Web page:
The Chief will probably correct me here if I'm wrong, but the rates for crimes like rape and larceny were fairly similar, and I'm guessing that's partly due to the fact that in cities like BR, those crimes often go unreported to police. Many "lesser" crimes (petit larceny, vandalism, and so forth) are likely just accepted as a part of everyday living by many in high-crime cities. I'm not including rape as a "lesser crime", just saying that in a low-crime city like Lincoln, a rape may be more likely to be reported when it happens.

You can see a similar disparity, though to a lesser degree, between Lincoln and Omaha, just 50 miles away. For those that think Omaha is as bad as it gets, BR is a lot worse than Omaha.

Then there is lovely Detroit, with a murder rate 22x that of Lincoln.

Tom Casady said...

Anonymous 2:36

You're observations are quite correct. I think that minor crimes go under reported in a high-crime environment, and crimes such as Rape or Burglary go under reported when respect for the police (or faith in the police) is low.

If you really want to compare crime stats across cities, the best measures, in my view, are the crimes with very high reporting rates--crimes that are serious, crimes that are difficult to fail to report to the police, regardless of what one thinks about their effectiveness. Here are the crimes that meet my criteria--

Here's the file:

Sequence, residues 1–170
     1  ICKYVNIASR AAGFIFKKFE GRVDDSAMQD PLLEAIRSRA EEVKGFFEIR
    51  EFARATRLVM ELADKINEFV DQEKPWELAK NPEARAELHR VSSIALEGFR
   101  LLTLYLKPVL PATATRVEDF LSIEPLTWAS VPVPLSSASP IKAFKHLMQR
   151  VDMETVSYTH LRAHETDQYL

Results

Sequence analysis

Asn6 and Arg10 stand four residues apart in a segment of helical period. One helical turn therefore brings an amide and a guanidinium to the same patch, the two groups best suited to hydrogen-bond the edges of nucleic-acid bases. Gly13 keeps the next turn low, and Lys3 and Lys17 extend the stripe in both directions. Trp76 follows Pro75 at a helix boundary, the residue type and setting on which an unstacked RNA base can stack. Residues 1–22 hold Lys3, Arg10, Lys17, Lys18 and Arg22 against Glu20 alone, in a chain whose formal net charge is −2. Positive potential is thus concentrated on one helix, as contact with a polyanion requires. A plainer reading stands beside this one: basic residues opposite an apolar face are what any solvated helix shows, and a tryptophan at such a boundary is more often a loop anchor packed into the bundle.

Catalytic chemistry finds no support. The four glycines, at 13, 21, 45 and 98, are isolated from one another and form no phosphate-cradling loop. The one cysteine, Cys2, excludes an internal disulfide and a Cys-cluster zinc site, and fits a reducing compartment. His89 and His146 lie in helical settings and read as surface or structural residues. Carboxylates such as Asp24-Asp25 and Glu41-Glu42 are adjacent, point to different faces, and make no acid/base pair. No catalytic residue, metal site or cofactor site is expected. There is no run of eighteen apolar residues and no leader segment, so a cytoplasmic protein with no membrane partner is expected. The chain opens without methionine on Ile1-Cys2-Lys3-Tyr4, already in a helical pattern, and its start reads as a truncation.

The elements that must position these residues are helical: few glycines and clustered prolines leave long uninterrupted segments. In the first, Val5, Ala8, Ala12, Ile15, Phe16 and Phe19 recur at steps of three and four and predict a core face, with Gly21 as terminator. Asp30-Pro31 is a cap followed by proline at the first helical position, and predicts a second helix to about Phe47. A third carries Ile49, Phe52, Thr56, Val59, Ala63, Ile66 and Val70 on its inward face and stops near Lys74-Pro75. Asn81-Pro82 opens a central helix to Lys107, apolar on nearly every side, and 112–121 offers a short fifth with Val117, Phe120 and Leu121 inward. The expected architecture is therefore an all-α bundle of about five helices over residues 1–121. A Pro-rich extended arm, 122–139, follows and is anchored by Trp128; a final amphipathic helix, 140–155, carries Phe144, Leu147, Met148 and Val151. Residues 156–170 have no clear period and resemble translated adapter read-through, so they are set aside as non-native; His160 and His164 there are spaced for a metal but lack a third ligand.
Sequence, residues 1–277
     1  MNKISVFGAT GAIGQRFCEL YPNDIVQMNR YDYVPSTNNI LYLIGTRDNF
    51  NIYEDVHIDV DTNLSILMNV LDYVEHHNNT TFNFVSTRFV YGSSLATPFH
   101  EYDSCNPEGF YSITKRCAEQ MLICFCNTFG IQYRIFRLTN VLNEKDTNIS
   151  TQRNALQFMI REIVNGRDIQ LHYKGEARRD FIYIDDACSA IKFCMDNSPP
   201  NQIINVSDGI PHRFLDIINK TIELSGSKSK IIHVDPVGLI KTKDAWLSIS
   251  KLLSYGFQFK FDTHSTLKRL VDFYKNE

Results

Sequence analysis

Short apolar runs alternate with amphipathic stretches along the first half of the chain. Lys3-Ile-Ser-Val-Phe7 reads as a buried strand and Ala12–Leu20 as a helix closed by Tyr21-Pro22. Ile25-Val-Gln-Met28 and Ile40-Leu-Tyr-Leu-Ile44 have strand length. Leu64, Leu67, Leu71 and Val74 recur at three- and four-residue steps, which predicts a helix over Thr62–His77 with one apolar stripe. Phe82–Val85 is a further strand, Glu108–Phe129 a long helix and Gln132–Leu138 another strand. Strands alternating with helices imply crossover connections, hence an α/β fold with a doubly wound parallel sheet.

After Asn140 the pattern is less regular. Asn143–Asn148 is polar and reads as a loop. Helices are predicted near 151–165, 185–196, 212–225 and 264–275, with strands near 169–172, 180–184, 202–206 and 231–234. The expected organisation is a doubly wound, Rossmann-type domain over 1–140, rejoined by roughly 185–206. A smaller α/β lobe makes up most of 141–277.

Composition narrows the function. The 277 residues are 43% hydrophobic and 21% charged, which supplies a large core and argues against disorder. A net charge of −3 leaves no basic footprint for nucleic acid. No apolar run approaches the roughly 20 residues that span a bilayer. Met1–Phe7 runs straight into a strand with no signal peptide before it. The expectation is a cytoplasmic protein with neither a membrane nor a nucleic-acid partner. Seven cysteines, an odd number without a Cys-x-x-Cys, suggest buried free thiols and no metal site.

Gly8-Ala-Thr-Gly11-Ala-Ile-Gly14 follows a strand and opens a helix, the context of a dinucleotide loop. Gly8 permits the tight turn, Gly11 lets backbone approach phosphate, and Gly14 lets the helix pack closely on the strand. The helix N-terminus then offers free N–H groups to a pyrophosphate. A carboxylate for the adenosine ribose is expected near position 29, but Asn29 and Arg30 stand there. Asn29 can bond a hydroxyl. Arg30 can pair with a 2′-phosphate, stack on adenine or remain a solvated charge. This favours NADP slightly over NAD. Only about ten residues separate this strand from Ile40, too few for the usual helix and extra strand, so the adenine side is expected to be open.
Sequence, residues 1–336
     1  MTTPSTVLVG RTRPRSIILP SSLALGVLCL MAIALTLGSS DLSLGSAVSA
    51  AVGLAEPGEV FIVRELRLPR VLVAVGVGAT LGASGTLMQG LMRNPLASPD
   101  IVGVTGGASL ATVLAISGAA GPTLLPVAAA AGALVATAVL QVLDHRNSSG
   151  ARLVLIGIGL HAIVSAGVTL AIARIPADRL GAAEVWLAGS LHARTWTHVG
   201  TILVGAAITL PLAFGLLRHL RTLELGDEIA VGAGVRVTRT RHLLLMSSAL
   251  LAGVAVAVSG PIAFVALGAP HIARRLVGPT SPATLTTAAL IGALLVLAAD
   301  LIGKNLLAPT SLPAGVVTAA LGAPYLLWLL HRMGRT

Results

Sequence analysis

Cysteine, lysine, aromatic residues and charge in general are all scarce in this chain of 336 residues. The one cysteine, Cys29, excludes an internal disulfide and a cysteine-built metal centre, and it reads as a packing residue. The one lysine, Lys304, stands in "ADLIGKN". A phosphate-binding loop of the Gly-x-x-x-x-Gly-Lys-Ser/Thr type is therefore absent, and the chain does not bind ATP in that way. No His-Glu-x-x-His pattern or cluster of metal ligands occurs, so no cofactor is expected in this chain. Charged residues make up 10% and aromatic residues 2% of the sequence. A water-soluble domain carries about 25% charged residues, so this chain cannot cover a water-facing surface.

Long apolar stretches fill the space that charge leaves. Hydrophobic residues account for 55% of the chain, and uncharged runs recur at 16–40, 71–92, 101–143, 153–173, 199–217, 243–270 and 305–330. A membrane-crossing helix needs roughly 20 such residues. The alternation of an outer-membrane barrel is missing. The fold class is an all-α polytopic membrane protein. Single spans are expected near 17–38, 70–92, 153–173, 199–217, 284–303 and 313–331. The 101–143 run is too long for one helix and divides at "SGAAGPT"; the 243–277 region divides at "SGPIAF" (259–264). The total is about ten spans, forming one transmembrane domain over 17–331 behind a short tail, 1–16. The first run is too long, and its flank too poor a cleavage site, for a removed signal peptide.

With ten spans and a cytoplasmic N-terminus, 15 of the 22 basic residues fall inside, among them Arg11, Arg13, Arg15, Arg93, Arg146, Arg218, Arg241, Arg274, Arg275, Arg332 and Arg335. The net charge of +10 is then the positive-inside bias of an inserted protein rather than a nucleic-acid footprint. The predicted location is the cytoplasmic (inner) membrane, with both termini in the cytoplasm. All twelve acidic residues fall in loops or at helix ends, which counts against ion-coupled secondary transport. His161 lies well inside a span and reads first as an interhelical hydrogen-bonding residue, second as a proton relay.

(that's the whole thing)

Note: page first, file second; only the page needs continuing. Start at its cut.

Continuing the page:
Murder
Auto Theft
Business Robbery

Compare Lincoln on those three and there will be an eye-opener. Since the FBI does not break out robberies at businesses at a separate category, you'd have to look at the whole shebang on robbery, but it's still a lot more indicative of comparative crime than something like burglary or larceny-theft.

Anonymous said...

I work with officers in a metro area and am shocked at what is "HBO'd". Hope Lincoln never comes to that. You can't solve big city problems and give small town attention to detail with current staffing for much longer. Everybody gets burned out at some point.
-the poor speller

Anonymous said...

I believe an HBO disposition is the best way to implement community policing unless a lack of further action counters it. Further action may be required by circumstances and often is, however. Also, bogging down the entire system with reports, citations, and such should be avoided when HBO will accomplish the same results.

Anonymous said...

Those 3 crimes would be hard to not report. With murder, there's a corpse laying around, and with business robbery or auto theft, no police report probably means that no insurance claim would be paid.

I can see some ambiguity as far as residential burglaries and non-business robberies are concerned. I'm not sure how the FBI classifies home invasion robberies. Do they classify them as armed robberies or as residential burglaries?

Tom Casady said...

A Home Invasion robbery is an FBI Uniform Crime Report Robbery, if it involves actual or threatened force or violence--as opposed to a case in which a burglar happens to break into a home where the victim is sleeping, but leaves without any threat or act of violence. That would be classified as an FBI UCR Burglary.